As elsewhere stated, depression is a condition in which there is a deficiency of vital action. It may be either general or local in character. Its symptoms may be either an increase or decrease of irritability. Increase of irritability in consequence of depression, although a seeming anomaly, is a well-established fact, having been determined by numerous observations, not only upon men but also upon animals, in which it is frequently found that just before dissolution, when the depression has reached the highest degree compatible with life, irritability is sometimes enormously increased. The irritability of depression is, however, peculiar, being in a marked degree deficient in strength and vigor, usually lasting but for a very brief period, and being followed by a great increase in depression. Depression is one of the most prominent symptoms in all diseases of debility, in cases of convalescence from acute diseases or serious surgical injuries, and a great variety of local and general conditions.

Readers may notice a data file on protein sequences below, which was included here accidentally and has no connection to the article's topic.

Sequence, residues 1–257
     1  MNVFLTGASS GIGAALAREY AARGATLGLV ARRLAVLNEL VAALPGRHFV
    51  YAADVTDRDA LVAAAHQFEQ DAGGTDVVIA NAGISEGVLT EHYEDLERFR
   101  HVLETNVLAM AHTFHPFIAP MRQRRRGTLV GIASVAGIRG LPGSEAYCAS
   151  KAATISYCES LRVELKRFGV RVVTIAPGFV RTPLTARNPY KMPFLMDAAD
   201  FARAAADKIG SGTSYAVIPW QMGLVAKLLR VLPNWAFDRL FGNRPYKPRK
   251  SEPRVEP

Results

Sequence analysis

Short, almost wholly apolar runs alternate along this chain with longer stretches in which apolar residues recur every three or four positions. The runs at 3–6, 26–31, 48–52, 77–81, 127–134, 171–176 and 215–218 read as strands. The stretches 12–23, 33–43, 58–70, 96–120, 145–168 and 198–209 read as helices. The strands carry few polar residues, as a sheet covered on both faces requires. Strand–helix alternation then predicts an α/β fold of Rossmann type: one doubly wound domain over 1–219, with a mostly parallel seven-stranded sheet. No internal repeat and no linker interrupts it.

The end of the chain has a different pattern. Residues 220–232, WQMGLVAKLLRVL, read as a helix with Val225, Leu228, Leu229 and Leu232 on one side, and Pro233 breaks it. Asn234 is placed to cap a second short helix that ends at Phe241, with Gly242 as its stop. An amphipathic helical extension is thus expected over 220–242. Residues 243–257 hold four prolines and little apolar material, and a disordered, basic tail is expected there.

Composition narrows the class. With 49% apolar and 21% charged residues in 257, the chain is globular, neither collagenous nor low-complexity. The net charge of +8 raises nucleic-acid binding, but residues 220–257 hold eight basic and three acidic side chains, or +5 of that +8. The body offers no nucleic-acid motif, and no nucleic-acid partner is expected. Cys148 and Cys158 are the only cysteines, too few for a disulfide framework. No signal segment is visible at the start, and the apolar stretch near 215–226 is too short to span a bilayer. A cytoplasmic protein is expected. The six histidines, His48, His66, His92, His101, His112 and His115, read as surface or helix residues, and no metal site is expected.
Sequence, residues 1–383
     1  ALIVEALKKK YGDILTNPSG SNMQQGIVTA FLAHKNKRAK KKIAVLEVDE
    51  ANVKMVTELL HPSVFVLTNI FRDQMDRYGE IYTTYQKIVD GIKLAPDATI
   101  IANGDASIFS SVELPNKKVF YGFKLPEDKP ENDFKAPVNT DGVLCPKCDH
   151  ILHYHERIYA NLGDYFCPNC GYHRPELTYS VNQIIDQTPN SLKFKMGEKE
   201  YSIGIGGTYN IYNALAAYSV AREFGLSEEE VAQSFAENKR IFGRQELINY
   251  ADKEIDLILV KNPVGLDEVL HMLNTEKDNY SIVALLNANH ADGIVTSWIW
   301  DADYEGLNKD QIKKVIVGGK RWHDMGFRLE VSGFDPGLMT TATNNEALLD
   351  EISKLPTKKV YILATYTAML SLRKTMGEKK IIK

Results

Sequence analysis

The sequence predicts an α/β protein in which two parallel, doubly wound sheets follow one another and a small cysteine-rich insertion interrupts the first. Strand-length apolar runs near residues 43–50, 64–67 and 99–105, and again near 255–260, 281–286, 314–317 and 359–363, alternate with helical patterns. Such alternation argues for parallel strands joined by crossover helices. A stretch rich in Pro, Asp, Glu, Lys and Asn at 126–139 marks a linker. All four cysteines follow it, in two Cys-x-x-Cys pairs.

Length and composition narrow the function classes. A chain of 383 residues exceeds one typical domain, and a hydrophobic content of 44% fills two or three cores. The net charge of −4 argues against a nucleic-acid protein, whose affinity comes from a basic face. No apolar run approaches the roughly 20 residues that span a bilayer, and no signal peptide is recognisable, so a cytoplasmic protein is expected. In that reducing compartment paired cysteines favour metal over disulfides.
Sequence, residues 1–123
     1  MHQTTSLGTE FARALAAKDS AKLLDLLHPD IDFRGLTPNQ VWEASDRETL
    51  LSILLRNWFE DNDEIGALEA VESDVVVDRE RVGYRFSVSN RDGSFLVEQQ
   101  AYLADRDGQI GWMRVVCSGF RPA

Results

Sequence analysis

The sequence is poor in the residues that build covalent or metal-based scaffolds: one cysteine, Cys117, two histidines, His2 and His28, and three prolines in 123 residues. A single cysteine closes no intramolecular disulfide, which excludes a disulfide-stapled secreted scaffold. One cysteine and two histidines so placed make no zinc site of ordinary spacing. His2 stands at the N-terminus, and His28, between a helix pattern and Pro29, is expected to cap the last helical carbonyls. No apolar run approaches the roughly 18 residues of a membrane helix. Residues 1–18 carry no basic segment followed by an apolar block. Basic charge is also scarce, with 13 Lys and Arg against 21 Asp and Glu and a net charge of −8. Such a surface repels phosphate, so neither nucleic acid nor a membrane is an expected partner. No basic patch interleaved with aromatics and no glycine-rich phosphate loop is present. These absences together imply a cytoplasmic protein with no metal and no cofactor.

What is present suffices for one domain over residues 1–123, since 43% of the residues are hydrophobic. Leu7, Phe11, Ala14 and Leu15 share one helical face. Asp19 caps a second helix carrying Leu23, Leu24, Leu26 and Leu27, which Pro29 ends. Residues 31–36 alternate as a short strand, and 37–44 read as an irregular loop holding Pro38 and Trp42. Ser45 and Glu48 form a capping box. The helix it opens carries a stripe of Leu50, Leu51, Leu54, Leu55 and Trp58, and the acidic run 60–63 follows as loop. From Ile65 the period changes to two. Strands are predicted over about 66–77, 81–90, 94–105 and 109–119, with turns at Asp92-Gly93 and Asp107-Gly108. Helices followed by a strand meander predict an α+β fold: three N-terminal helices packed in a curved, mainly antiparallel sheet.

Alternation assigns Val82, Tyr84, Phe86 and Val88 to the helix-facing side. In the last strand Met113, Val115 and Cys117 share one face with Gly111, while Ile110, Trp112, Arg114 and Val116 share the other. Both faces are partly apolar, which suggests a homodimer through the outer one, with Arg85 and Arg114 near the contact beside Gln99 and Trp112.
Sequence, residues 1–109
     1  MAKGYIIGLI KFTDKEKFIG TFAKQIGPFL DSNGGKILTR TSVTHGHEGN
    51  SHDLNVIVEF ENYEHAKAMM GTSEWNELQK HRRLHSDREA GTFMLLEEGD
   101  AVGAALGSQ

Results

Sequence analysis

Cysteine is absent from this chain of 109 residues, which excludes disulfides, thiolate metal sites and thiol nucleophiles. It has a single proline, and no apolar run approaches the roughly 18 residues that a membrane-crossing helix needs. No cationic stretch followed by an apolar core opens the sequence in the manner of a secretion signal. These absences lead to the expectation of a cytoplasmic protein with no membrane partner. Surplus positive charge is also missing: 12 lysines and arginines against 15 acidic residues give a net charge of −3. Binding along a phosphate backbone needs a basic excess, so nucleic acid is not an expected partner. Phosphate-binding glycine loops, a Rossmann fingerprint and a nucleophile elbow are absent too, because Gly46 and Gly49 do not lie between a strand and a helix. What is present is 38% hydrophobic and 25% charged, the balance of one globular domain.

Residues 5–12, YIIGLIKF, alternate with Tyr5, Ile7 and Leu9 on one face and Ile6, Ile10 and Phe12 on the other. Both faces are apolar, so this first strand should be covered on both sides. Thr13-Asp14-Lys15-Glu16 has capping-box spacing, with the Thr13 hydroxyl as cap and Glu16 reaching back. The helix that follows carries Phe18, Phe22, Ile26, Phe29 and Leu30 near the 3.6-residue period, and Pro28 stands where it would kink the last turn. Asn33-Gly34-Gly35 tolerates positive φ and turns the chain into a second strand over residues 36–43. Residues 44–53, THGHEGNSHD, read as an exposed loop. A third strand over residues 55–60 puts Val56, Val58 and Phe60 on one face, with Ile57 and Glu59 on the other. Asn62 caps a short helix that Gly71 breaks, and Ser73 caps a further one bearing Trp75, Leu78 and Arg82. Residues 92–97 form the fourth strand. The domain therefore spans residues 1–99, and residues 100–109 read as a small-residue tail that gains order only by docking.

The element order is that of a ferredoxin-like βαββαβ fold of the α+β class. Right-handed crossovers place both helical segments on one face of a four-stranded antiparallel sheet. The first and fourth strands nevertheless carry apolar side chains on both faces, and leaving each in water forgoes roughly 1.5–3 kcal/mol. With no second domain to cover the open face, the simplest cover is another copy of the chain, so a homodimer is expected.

The Causes of Depression

As elsewhere shown, are anything whatever which exhausts the vital forces faster than they are replenished by nutrition. The treatment of depression is exactly what would be indicated by the common sense of the most inexperienced person; that is, simply to economize the vital forces by lessening the expenditure of force so far as possible and increasing the supply through improved and augmented nutrition. The treatment of depression implies the application of all hygienic means, obedience to all hygienic rules, and placing the system so far as possible in harmony with all the laws of nature. When this is done, unless the cause is one which cannot be removed, the patient will shortly recover. The length of time required will, of course, depend upon the natural activity of his system, upon the degree of reserve force which he possesses, and upon the thoroughness with which he complies with the conditions necessary for recovery.